What is it about?

On the 50th anniversary of the first manned landing, scientists discover a new connection between the moon and the migration of glass eels. The European eel (Anguilla anguilla) migrates thousands of kilometers across the Atlantic Ocean; one of the longest and most challenging migrations undertaken by any animal. Eels hatch in the Sargasso Sea, far from the American and Bahamian coasts. A few-millimeters long, these leaf-shaped leptocephalus larvae drift with the Gulf Stream across the Atlantic until they reach the margin of Europe’s continental slope. Here, leptocephali transform into completely transparent snake-like “glass” eels, which are a few centimeters long. Glass eels then swim over the continental shelf for hundreds of kilometers until they reach the coast. There, some of them recruit to estuaries and start their migration inland into fresh water where they grow into yellow eels and, after some years (sometimes 50 years or more), eventually into silver eels, which then undertake the long journey back to the Sargasso, where they spawn and then die. How tiny glass eels manage to navigate across the continental shelf is still an open question. How do glass eels find their way? To answer this question, a team of scientists at the Norwegian Institute of Marine Research's Austevoll Research Station, in collaboration with the Physical-Biological Interactions Laboratory at the University of Miami's Rosenstiel School of Marine and Atmospheric Science, investigated the possibility that the moon could play a role in guiding the migration of glass eels. Eels spawn and alter their depth in the water column, their swimming speed and their activity according to the phase of the moon. However, whether the moon also serves as a directional cue during migration is unknown. In their latest research “The relationship between the moon cycle and the orientation of glass eels (Anguilla anguilla) at sea”, published in the Royal Society journal Open Science, the team revealed that the orientation direction of glass eels at sea changes according to the phase of the moon. Glass eels orient towards the direction of the moon azimuth at new moon, when the moon rises above the line of the horizon but is invisible to the eye of an observer. Glass eels were observed in the Norwegian coastal North Sea using a transparent behavioral chamber (Drifting in situ Chamber, DISC, developed by Professor Claire Paris at the University of Miami) so that they could orient while drifting with the current. Tests were conducted during the 4 main lunar phases: full moon, third quarter, new moon and first quarter. The team found that new moon is the phase during which glass eels orient towards the moon. This behavior is still present during first quarter but is less precise, and it disappears when the moon moves below the horizon. Thus, lunar-related orientation depends on both lunar phase and whether the moon is above or below the horizon. Interestingly, during new moon the average direction of the moon azimuth is South and glass eels swam (on average) to the South during this phase. “This could have important implications for the arrival of glass eels at the European coast. Over the European shelf, the main currents flow mostly East-Northeast, and swimming to the South would increase the chances of reaching land” says Alessandro Cresci, lead author of the study and a Ph.D. student at the University of Miami and a visiting scientist at the Norwegian Institute of Marine Research. The authors hypothesize that global-scale disturbances in electrical fields caused by the motion of the moon around the earth may serve as a signal that glass eels can detect even when the moon is not visible. “During new moon, the moon is between the Earth and the Sun and, by deviating the sun’s radiation, creates a sort of electric “shadow” that is detectable at the Earth surface” says Cresci. The hypothesis that glass eels could follow electric fields is plausible considering that glass eels are very sensitive to electric currents. “We already knew that glass eels can do incredible things to orient during migration, such as using the magnetic field of the Earth, and lunar-driven orientation adds to the list of their ‘superpowers’” – says Cresci. As Armstrong might say, That’s one small step for a man, but a super-gigantic leap for a glass eel!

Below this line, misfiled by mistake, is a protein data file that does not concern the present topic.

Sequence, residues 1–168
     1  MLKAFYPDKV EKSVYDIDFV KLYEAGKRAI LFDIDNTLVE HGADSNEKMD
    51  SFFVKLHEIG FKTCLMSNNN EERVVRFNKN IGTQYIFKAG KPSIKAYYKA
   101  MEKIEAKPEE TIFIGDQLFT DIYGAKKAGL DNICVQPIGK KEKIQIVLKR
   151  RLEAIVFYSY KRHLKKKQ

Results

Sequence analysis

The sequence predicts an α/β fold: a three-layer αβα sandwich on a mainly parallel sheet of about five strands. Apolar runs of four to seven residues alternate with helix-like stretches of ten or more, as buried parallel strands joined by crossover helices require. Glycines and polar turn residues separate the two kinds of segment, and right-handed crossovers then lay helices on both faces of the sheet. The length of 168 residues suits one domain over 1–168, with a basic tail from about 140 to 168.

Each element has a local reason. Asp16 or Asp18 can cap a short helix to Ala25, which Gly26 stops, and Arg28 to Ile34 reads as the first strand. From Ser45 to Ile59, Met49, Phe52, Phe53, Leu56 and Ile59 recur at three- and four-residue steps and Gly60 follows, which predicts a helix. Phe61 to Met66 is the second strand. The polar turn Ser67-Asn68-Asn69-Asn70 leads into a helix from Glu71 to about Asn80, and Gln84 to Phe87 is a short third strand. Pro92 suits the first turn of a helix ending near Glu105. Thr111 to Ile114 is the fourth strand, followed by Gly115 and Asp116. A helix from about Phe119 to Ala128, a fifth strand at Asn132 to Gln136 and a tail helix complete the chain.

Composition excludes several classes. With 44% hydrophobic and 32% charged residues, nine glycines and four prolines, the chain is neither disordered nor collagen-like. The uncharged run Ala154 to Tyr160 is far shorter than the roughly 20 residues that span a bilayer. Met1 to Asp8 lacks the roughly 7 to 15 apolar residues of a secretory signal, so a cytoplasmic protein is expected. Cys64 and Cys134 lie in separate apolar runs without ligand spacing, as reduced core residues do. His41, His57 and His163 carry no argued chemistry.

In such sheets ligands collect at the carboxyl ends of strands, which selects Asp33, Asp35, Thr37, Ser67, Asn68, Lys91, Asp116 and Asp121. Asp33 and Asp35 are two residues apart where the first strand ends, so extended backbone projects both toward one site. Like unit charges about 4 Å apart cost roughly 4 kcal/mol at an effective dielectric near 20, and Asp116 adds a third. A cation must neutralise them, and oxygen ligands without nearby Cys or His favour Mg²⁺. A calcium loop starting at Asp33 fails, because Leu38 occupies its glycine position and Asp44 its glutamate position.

Featured Image

Read the Original

This page is a summary of: The relationship between the moon cycle and the orientation of glass eels ( Anguilla anguilla ) at sea, Royal Society Open Science, October 2019, Royal Society Publishing,
DOI: 10.1098/rsos.190812.
You can read the full text:



The following have contributed to this page